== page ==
Okay, the other film I saw right before watching The Final Cut is called Eagle Eye, with Shia LaBeouf, Mike Chiklis and Billy Bob Thornton. It is mostly about having one exploding/falling/head-cracking special effect lead to another, but it is also about a computer that has slipped its moorings and is “activating” normal humans to do its evil, world-changing bidding. It’s programming just gets carried away, basically. Sort of “The Manchurian Candidate” meets “Live Free or Die Hard” meets “Colossus: The Forbin Project”. (And apropos of the revelation recently made by the artificial intelligence intelligentsia that perhaps, you know — computers may become smarter than us and maybe we should think this whole AI thing through a bit.)
“Eagle Eye” is your prototypical sci-fi thriller of this “computer-takes-over” idiom, with basically only enough strung together bits of dialog to get you to the next 12 minute action chase/smash/blast/flash-bang-grenade sequence — the effects-driven film. There isn’t much to say here except for two things apropos of small props, designed artifacts and some aspects of the production design that tell a larger story about possible near future worlds to be either created or avoided.
First, this peculiar visual coupling systems. The AI computer in the film, called Aria and played by Julianne Moore (of all people) has to look at other screens in order to do its surveillance work. Basically, it’s in an enormous silo-like chamber with zillions of displays, like the compound eyeball of a bug or a huge honeycomb. It is as if Aria’s main viewing apparatus hunts around for possible events happening in the world — only one at a time. Of course, this is a suggestive prop, meant to indicate in a material way how a computer could be putting much of the world under surveillance at once — which is a tricky bit of design work to convey to a general audience. Despite the technical preposterousness of this apparatus, there’s something compelling about it nonetheless, at least as a visual solution to something that could get tediously didactic if you told it rather than showed it.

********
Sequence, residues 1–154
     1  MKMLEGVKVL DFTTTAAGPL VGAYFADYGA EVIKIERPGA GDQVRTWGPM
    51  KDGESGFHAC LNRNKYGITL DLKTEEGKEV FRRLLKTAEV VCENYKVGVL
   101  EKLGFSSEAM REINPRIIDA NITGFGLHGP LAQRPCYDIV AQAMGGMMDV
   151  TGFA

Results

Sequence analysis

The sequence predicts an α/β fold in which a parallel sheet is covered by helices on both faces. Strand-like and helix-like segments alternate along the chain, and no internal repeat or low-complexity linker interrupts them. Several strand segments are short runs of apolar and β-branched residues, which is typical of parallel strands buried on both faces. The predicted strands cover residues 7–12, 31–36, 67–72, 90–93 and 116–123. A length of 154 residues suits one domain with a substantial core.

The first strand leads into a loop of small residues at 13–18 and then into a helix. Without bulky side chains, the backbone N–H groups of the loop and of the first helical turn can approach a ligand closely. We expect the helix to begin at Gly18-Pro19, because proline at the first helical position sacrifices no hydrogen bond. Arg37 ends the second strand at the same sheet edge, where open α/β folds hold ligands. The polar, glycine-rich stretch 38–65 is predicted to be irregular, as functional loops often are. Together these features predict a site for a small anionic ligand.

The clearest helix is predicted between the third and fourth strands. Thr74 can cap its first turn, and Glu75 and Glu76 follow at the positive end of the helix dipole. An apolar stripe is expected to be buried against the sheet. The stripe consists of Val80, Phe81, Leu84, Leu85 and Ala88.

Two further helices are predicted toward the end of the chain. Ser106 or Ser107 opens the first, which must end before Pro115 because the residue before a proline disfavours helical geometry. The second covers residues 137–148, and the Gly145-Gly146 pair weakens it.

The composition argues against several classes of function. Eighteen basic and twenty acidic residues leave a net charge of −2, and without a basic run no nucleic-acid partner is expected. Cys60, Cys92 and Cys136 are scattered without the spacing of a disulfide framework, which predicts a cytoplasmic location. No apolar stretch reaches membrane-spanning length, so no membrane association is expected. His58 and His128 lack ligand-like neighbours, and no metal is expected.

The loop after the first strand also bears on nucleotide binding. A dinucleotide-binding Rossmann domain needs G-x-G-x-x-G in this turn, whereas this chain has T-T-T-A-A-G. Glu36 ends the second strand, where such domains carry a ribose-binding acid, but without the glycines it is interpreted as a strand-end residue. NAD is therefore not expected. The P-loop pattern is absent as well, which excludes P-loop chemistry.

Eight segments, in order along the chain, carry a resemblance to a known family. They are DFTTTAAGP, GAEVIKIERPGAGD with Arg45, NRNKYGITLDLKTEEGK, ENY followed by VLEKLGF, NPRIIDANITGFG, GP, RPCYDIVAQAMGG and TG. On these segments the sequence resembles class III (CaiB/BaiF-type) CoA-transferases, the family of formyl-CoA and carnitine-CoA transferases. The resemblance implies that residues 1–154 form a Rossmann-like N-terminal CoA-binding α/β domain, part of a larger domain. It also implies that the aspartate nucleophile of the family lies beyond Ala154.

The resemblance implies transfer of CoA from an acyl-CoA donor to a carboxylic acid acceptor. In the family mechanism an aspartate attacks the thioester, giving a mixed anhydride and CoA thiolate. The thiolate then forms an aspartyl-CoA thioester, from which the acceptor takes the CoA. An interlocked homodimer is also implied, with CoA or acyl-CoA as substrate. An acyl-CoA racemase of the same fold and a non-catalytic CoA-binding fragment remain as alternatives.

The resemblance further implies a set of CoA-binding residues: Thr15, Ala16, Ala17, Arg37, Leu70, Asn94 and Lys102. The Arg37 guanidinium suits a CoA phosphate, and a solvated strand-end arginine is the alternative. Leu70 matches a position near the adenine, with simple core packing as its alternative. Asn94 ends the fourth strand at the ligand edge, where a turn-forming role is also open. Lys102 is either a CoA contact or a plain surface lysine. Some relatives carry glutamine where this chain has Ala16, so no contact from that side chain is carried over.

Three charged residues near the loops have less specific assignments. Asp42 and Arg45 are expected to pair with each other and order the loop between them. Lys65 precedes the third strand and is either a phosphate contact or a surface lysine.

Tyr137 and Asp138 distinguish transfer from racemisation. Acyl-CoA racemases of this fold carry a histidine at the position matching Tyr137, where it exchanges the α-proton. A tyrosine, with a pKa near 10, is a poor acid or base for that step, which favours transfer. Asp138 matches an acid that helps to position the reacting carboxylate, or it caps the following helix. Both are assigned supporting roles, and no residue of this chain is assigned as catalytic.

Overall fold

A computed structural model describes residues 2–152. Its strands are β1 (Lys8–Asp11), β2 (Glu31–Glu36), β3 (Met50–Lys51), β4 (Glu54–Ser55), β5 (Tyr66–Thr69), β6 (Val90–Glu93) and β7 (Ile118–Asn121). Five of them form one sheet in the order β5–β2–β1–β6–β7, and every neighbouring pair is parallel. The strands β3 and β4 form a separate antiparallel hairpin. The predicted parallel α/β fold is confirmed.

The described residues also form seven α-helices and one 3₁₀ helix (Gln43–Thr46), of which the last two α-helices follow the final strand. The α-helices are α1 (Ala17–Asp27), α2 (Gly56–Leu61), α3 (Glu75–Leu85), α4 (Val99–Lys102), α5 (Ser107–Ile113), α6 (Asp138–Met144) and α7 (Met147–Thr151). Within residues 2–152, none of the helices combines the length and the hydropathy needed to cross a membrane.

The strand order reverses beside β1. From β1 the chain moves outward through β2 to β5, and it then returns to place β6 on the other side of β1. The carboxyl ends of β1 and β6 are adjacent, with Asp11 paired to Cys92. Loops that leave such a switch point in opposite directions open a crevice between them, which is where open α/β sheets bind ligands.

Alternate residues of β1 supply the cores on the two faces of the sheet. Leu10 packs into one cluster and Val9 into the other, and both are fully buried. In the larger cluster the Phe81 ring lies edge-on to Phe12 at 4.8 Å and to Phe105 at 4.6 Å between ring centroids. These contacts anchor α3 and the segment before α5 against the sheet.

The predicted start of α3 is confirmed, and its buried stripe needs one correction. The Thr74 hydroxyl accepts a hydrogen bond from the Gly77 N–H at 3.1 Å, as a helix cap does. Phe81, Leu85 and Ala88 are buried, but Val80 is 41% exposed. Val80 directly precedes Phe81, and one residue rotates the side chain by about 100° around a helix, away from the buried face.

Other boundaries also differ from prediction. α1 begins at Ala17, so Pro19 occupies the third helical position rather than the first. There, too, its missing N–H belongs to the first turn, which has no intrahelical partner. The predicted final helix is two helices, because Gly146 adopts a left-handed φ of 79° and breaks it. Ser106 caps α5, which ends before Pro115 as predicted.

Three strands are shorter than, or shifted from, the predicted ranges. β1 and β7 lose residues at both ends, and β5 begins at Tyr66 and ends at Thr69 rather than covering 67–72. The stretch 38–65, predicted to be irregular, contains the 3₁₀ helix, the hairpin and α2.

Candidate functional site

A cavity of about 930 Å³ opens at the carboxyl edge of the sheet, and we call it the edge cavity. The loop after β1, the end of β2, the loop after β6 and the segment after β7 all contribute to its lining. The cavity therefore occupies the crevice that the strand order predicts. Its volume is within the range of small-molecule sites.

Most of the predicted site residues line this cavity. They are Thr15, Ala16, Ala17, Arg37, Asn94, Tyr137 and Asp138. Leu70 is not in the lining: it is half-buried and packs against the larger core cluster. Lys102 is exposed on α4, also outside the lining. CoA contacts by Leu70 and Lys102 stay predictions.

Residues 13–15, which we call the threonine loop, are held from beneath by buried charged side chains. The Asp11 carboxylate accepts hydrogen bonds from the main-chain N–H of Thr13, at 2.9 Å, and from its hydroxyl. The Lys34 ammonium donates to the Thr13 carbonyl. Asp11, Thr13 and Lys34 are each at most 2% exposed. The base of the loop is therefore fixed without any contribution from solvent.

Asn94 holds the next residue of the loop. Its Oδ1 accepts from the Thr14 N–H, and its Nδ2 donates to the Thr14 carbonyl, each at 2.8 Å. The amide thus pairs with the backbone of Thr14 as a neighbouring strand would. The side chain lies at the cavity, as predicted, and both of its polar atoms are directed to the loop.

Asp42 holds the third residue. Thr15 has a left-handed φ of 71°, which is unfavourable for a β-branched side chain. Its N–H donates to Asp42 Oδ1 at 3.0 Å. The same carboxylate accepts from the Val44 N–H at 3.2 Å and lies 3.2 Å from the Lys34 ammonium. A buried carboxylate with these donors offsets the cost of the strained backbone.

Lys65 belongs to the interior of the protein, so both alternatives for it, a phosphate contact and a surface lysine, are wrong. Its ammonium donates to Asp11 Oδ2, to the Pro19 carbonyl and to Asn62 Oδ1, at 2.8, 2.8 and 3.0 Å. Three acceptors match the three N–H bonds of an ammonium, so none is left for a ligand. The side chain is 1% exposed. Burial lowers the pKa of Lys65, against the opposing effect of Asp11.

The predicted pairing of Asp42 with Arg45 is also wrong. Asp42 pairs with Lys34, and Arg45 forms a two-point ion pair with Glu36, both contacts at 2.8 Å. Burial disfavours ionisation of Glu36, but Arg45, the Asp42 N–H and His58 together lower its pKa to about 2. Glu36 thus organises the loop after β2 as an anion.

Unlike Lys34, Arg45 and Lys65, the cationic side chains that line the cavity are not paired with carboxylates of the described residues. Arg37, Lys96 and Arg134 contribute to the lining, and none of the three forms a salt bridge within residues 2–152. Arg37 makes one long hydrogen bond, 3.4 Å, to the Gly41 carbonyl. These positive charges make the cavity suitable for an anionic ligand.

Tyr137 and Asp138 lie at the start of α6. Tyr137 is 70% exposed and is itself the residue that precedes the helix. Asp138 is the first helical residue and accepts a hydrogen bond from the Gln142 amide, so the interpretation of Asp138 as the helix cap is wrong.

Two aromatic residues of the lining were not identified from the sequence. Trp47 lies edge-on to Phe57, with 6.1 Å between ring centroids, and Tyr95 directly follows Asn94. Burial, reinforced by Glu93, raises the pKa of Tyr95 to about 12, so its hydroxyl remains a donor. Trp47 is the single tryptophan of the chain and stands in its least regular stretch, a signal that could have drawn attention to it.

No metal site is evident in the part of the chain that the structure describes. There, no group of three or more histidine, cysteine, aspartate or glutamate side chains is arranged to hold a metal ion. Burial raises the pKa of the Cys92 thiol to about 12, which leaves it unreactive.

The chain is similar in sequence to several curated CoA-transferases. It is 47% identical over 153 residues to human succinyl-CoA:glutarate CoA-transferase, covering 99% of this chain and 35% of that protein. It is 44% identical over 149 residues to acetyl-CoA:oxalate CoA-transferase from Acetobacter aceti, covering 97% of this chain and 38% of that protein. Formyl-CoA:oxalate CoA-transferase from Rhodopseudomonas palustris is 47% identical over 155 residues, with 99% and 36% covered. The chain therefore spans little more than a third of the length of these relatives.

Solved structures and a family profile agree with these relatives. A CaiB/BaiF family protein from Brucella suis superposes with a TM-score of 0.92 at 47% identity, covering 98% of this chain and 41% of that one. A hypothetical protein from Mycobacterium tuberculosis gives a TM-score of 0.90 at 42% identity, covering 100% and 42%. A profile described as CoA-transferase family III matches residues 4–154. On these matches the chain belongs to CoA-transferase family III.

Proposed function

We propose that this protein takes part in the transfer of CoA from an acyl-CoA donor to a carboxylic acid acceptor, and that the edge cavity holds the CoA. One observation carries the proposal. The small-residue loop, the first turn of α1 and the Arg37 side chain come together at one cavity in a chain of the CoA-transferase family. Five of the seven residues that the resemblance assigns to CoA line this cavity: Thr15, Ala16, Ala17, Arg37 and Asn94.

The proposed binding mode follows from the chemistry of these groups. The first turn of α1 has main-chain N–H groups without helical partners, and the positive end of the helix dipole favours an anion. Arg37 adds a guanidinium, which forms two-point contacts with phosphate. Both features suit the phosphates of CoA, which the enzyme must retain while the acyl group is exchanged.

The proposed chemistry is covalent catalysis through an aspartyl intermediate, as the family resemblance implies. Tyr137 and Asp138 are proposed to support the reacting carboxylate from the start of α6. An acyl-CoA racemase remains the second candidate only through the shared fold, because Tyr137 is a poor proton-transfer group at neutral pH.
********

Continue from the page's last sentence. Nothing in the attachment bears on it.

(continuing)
Second — the computer voice. In both “The Final Cut” and “Eagle Eye”, there was this female computer voice that sounded identical to me — an instance of this character confusion phenomenon. Like — wait…which film am I watching that has the anxiety-generating computer robot voice?
Obviously they are not done by the same voice actors, but it got me thinking about the voices of AI computers. Curiously, recently, the voice of the robot/computer/AI in “Moon” was a man — played by Kevin Spacey. And, of course the voice of HAL in 2001 is male as well. Couldn’t think of any other men, except I think the computer in Lost in Space was sort of gender neutral if I remember, but probably closer to a eunich who smokes too much.
But this got me thinking — is there an archetype of the artificial intelligence computer voice. Does it matter the voice’s perceived gender? What gives?
Why do I blog this? Consumed with the implications of two modes of surveillance as depicted as designed fictions — the implant that life blogs every moment of our lives and the all-seeing/all-controlling fully connected to the cloud artificial intelligence computer.
Gordon Bell’s My Life Bits, and “Total Recall” book about experiences with the SenseCam and “the e-memory revolution.”
(** Ack. The painful irony that technologists borrow — perhaps without knowing it? — their book title from a cautionary science fiction film about fake memory implants to fuel their own hyped technofantasy visions of the future. I met Bell at USC once. We had lunch in the faculty club. Nice enough guy, but chock full of the expected greying luminary’s hubris. A colleague — also a heavy technogeek — simply couldn’t fathom the possibility that continuous continuous self-monitoring could possibly lead to any sort of problems. Just always be good, was about all that could be offered. Bleech. **)
Slife to tell you where all your time goes when you’re sitting in front of the computer screen. Clever self-analytics.
Nokia Everybit, a project at Nokia to use the mobile phone as a continuous continuous monitor of movement, calls, events, music listened to, WiFi and Bluetooth nodes encountered, etc., etc.